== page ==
Poetry Foundation PresentsWell, thank goodness those Poetry Magazine folks are leading the long-overdue MacLeish revival. But a few quibbles about that biography: "a son of Glencoe, Illinois"? Oh dear. If anyone ever leads a biography of me with "a son of Wilmette, Illinois," at least tell them I was born in Evanston, so there's some hope of salvaging my street cred.
Archibald MacLeish’s JB
A Staged Reading Produced by Bernard Sahlins
CHICAGO —The Poetry Foundation, publisher of Poetry magazine, is pleased to announce a staged reading of Archibald MacLeish’s JB produced by Bernard Sahlins. This is the fourth production in the Foundation’s Poetry on Stage series and runs from March 4-5.
What: Archibald MacLeish’s JB: A Staged Reading
When: Saturday, March 4, 3:00pm & 7:30pm; Sunday, March 5, 3:00pm
Where: Steppenwolf Upstairs Theatre, 1650 North Halsted Street, Chicago
Tickets: $20.00 adults; $15.00 students & seniors.
For reservations, call Steppenwolf Audience Services. Phone: (312) 335-1650.
JB ambitiously retells the Book of Job, transporting it to a modern circus setting. It renews God’s wager with the Devil, raising the still urgent questions of why a righteous man should suffer and how a God that is good can abide evil.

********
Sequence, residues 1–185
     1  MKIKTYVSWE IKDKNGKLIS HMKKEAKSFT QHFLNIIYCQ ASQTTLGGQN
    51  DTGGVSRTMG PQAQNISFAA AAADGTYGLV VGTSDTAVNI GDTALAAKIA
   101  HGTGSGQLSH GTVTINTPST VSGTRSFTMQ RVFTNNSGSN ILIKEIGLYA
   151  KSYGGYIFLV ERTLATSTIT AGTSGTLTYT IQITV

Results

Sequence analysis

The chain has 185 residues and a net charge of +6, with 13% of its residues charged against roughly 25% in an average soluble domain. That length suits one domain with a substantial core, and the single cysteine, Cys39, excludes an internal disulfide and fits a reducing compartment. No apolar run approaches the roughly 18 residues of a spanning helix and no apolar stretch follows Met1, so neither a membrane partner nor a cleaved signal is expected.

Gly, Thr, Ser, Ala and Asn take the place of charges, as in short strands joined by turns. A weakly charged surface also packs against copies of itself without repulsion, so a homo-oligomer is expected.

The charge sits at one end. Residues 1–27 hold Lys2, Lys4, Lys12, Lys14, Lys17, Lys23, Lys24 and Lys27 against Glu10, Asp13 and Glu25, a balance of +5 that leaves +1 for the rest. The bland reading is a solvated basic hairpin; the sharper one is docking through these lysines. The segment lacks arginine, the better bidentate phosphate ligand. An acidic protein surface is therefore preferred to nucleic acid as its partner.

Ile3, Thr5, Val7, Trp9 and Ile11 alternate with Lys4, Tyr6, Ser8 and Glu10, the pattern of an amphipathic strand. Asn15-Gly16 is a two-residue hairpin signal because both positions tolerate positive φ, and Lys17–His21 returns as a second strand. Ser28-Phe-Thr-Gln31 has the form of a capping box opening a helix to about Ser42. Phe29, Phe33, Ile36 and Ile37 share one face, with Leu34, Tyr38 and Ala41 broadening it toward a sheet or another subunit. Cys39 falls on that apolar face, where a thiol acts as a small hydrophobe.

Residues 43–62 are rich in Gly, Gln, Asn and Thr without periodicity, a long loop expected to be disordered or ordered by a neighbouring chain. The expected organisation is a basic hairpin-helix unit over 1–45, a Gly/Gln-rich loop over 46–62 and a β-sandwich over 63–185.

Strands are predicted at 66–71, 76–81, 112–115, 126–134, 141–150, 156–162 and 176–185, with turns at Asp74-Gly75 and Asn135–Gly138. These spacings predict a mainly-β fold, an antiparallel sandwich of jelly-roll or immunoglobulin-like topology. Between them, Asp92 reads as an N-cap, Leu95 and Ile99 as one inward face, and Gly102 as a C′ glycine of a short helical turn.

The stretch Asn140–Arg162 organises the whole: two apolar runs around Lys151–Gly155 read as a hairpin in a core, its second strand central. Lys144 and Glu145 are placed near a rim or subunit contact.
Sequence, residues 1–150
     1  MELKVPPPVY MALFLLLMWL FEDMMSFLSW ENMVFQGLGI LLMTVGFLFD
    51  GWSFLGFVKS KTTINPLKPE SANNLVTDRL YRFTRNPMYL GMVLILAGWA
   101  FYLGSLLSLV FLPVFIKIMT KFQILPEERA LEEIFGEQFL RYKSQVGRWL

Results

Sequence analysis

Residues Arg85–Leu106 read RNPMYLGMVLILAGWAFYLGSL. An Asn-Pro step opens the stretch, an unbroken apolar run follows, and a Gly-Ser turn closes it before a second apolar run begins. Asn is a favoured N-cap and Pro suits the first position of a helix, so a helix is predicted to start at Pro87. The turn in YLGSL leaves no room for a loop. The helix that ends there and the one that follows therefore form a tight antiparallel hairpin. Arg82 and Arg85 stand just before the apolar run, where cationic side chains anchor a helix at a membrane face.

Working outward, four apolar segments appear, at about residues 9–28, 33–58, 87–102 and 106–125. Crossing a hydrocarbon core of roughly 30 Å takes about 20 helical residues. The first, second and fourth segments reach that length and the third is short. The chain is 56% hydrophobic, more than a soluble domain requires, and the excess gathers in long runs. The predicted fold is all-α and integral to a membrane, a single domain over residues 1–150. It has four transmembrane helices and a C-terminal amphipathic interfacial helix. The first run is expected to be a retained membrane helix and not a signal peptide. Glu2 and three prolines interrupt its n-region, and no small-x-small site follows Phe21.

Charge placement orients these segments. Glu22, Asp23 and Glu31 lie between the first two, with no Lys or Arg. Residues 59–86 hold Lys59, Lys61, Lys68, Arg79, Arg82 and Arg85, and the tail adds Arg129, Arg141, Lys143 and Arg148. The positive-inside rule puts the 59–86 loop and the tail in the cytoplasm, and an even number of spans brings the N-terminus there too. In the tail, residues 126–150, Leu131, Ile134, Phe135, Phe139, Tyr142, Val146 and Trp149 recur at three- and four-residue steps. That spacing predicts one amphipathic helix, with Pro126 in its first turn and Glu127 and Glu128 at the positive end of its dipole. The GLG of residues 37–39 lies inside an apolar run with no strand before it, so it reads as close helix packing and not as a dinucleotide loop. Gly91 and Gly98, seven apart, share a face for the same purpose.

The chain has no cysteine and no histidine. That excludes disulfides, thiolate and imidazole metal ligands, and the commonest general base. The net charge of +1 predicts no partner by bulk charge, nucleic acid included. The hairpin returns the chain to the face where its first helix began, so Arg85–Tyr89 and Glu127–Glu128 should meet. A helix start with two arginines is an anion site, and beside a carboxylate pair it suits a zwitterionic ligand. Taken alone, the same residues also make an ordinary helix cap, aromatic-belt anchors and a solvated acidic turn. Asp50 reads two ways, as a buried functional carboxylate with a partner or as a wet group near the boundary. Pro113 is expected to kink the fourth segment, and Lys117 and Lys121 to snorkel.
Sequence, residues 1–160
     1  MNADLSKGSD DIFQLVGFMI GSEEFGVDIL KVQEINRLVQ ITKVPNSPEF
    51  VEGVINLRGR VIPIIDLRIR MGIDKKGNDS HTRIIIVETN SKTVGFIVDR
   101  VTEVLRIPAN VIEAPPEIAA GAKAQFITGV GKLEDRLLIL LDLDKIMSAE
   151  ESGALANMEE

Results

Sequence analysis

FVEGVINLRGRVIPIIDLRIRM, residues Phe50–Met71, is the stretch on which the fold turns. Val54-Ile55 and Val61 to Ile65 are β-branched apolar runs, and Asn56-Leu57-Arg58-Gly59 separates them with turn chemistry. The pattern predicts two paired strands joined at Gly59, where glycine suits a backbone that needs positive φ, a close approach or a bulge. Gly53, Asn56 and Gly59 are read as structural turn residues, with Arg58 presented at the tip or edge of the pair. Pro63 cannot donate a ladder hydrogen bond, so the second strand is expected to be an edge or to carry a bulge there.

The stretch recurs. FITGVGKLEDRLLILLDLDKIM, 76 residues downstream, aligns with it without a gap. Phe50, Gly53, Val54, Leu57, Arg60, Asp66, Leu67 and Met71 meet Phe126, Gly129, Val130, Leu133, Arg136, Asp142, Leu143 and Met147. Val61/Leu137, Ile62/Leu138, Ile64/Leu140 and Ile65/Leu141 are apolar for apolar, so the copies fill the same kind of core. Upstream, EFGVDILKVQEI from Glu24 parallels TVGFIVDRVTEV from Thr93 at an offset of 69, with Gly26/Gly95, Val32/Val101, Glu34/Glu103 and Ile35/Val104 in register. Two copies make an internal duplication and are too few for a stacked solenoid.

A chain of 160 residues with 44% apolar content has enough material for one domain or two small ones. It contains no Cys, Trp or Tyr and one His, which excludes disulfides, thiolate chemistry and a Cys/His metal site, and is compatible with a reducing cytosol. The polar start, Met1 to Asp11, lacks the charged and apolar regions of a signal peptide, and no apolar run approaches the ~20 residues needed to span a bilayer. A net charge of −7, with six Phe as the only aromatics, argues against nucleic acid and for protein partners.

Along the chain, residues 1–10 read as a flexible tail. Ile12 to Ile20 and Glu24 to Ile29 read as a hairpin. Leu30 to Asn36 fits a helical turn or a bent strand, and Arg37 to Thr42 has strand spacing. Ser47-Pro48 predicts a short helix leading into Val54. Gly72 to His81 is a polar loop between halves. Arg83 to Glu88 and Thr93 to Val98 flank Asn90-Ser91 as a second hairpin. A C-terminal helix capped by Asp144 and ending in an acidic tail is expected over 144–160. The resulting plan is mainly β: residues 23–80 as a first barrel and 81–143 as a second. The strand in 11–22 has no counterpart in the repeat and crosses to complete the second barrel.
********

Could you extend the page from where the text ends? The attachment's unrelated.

“We are pleased and excited by the enthusiastic response to the Poetry on Stage series,” said Stephen Young, Program Director of The Poetry Foundation. “These lively productions have helped further the Foundation’s goal to bring the best poetry before an ever-wider audience.”
JB won MacLeish his third Pulitzer Prize when it was staged on Broadway in 1958. MacLeish, a son of Glencoe, Illinois, managed to leverage his versatile talents as a writer into multiple careers: in law, teaching, publishing, diplomacy, and public service as Librarian of Congress. This production stars Poetry on Stage veterans Nicholas Rudall, Greg Vinkler, and Scott Jaeck. Richard Christiansen, former Chief Theater Critic for the Chicago Tribune, will lead audience discussions following the performances.
And he "managed to leverage his versatile talents..." Ugh. Forget the MFA; I think the poetry degree of the future is the MBA. Leverage those talents! Stage hostile takeovers of Ploughshares!